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Regular version of the site

US-Russia Relations: Past and Present

The course has been cancelled

Russian-American relations are not just about politics and diplomacy but also about mutual interest, influence, and life-changing adventures!

Course Description

The current state of Russia-U.S. relations is hardly possible to understand without looking over the history. The course emphasises the socio-cultural dimension of foreign policies and covers different issues of Russian-American affairs on which the two countries cooperated and conflicted over decades.

The course is taught by Sergei I. Zhuk, Professor of History at Ball State University, Indiana, USA, a former Soviet expert in US history (doctor istoricheskikh nauk), he moved in 1997 to the United States, defended his American Ph.D. dissertation about imperial Russian history at Johns Hopkins University in 2002. Since 1997 he taught American colonial history, Russian/Soviet and Ukrainian History at the University of Pennsylvania, Johns Hopkins University and Columbia University. His research interests are international relations, knowledge production, cultural consumption, religion, popular culture and identity in a history of imperial Russia, Ukraine and the Soviet Union. His recent publications include Soviet Americana: The Cultural History of Russian and Ukrainian Americanists (2018), Nikolai Bolkhovitinov and American Studies in the USSR: People’s Diplomacy in the Cold War (2017), and Rock and Roll in the Rocket City: The West, Identity, and Ideology in Soviet Dniepropetrovsk, 1960-1985 (2010).

Concentrating on the cultural/academic Cold War, this course will cover a history of the major developments in the relations between Russia/Soviet Union and the United States of America through cultural-academic dialogue, knowledge production and confrontation from Harry S. Truman to Donald J. Trump

Sergei I. Zhuk
Course Lecturer; Professor of History at Ball State University, Indiana, USA.

Why Choose This Course?

Uniqueness and competitive advantage of this course is in its offering the social-cultural history of US-Russia relations through the lenses of knowledge production, demonstrating a significant role of the experts in academia on both sides of dialogue, instead of the traditional emphasis on purely political aspects of diplomacy.


The topics which are covered by the course are: 

  • A Concept of “People’s Diplomacy”: American Republic and Imperial Russia
  • “The Red Threat”: From the Great War to WWII
  • The United States in Soviet Imagination under Stalin
  • America and Russia in Cultural Consumption and Knowledge Production: From the Thaw to Détente
  • Soviet Americanists and American Sovietologists: Road to Perestroika and Collapse of Communism
  • Failures of Unipolar World, and Decline of American Domination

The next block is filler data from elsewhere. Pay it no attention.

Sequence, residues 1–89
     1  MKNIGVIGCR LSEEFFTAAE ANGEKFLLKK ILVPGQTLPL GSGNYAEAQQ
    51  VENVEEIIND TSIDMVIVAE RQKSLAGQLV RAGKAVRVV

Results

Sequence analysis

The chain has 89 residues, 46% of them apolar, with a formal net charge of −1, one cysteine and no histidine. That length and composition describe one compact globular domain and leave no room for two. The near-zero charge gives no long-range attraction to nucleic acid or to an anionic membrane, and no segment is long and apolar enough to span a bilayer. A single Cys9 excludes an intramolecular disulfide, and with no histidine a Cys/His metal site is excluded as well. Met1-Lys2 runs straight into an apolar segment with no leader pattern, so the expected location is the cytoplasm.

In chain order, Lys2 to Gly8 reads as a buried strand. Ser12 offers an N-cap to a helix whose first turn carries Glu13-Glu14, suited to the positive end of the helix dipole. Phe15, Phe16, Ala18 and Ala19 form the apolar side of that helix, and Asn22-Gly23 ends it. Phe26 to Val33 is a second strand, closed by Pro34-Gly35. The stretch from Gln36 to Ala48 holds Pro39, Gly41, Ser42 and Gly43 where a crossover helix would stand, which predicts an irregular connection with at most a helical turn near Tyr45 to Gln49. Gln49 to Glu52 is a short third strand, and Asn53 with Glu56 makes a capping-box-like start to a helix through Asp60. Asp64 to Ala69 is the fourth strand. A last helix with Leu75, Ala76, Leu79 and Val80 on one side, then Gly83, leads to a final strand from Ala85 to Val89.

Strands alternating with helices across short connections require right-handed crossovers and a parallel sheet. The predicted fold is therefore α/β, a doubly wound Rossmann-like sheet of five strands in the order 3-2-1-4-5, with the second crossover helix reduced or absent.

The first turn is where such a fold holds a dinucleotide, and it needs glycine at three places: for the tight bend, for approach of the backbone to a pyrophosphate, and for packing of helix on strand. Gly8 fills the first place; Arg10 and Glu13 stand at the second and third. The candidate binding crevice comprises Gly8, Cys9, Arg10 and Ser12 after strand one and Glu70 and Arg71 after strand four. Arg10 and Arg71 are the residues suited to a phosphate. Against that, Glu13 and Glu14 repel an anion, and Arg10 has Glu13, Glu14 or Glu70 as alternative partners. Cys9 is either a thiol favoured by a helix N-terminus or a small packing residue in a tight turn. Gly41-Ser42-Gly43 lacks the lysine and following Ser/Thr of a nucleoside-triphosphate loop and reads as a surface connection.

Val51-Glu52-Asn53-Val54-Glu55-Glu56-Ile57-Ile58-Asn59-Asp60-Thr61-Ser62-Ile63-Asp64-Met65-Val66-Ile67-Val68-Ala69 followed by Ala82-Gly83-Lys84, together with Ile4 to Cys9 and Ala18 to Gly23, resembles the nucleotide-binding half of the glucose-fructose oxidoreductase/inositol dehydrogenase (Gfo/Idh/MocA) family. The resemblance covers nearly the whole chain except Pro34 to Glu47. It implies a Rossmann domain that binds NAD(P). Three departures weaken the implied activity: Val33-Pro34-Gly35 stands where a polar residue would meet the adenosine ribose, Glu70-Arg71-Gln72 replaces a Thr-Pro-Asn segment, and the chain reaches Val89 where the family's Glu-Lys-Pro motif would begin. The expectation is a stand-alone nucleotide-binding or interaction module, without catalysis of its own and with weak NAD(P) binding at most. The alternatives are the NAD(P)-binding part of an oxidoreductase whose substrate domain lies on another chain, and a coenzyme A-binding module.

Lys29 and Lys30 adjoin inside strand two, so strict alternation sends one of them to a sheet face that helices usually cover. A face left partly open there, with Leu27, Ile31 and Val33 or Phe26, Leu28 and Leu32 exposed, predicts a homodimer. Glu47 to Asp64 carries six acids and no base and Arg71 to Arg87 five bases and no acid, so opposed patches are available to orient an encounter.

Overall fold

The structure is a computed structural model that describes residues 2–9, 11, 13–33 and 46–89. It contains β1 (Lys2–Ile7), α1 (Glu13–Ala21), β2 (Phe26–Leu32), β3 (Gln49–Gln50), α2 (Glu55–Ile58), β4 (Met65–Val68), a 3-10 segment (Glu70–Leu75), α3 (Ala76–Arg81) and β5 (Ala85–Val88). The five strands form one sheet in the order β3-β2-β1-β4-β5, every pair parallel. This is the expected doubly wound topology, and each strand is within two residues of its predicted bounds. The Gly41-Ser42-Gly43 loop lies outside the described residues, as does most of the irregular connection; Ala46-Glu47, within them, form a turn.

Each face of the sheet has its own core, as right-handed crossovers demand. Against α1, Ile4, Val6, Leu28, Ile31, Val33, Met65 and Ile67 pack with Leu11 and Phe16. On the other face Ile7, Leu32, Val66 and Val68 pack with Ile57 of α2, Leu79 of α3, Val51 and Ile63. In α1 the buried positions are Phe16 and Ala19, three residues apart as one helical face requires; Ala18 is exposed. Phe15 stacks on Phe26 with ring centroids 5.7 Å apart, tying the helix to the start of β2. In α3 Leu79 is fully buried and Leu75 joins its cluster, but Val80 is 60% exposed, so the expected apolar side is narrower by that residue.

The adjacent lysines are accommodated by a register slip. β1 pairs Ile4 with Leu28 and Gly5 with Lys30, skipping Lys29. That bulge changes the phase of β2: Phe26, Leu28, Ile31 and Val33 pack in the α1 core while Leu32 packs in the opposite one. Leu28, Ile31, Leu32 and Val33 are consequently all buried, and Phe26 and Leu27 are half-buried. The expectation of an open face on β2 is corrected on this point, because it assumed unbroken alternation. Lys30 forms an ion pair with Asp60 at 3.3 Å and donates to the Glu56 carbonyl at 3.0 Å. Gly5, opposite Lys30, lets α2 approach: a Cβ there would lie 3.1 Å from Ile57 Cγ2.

• “The New Cold War?”: From Obama to Trump
  • Russia, Ukraine and the Future of US-Russia Relations

Skills and Competences

Introducing the basic facts of traditional diplomacy in US-Russia history since the creation of early American republic in the 18th century, this course will address the role of cultural consumption, intellectual elites and identity formation in so-called people’s diplomacy, when various media and individuals, such as diplomat George Kennan, or historians Nikolai Bolkhovitinov and Aleksandr Fursenko, shaped American-Russian relations.   

Teaching Methods

This course will be a combination of short lectures and in-class discussions. Students are expected to take active part in class discussions and to give one individual final presentation of a research paper on the topic of their choice, related to a history of US-Russia relations.

Final Assessment

Each student will write a 8-10 page final research paper (12-point, Times New Roman, double-spaced) on a topic of his/her choosing, related to a history of US-Russia relations. This paper will be presented during two last meetings of the class, followed by a class discussion of the presentation.

Final Grade Background

The final grade consists of 40% (individual final presentation of a research paper) + 60% (participation in-class discussions). Students are expected to attend each class and participate in discussions.

Recommended Reading List

Walter LaFeber, America, Russia, and the Cold War, 1945-2006 (New York: McGraw-Hill, 2006).

Martin McCauley, The Cold War 1949-2016 (London: Routledge, 2017).

Sergei Zhuk, Nikolai Bolkhovitinov and American Studies in the USSR: People’s Diplomacy in the Cold War (Lanham, MD and Boulder, CO: Rowman and Littlefield’s Lexington Press, 2017).

Sergei Zhuk, Soviet Americana: The Cultural History of Russian and Ukrainian Americanists (London and New York: Bloomsbury Publishing, 2019).

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